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Interesting Insights into GMAT Questions from GMAC

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Interesting Insights into GMAT Questions from GMAC [#permalink]

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09 May 2010, 15:25
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GMAC published an article on How GMAT Question Types Test the Skills Business Students Need and provided some of the reasoning/logic behind GMAT question types (DS and CR only), mostly with an argument that they test the correct skills that are needed by business leaders. I think it is hard to disagree. However, my argument is that though it is important for a business leader to have skills like these, it is also possible to become good at passing tests like these without actually being a high quality business school material.... and I'd rather hire somebody with a great work experience than a high gmat score even if they are half the price.

[quote2GMAC]Although the GMAT exam is conducted in English and requires basic math skills, its difficulty lies not in advanced vocabulary or math skills, but in the logic and analytical reasoning the test requires.[/quote2]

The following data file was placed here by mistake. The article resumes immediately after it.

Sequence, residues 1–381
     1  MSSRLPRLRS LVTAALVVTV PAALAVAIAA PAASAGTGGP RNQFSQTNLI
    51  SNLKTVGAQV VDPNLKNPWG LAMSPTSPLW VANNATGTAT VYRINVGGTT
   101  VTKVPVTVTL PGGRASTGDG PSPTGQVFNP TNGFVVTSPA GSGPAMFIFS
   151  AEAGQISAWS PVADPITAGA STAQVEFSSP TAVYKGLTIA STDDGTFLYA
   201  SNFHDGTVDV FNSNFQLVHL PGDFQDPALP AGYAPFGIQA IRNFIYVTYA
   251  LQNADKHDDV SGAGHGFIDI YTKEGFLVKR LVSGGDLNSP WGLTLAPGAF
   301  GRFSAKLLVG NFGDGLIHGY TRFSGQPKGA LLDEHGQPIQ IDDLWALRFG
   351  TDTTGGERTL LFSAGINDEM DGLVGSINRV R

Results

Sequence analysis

[quote2GMAC]Data Sufficiency very succinctly measures your ability to sort through a lot of information and pick only what you need to solve a problem. It also tests your ability to think through solving a problem using different bits of data. Business schools demand both, as students are often presented with complicated case studies with lots of exhibits and financial statements and must figure out how to solve problems without getting bogged down in excessive detail.[/quote2]
[quote2GMAC]In business school, as in the business world, you will be asked to collaborate on projects and evaluate the ideas and arguments of others, and the ability to do that succinctly is important[/quote2]
Source: http://www.gmac.com/gmac/NewsandEvents/ ... htm?Page=1
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Re: Interesting Insights into GMAT Questions from GMAC [#permalink]

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09 May 2010, 22:09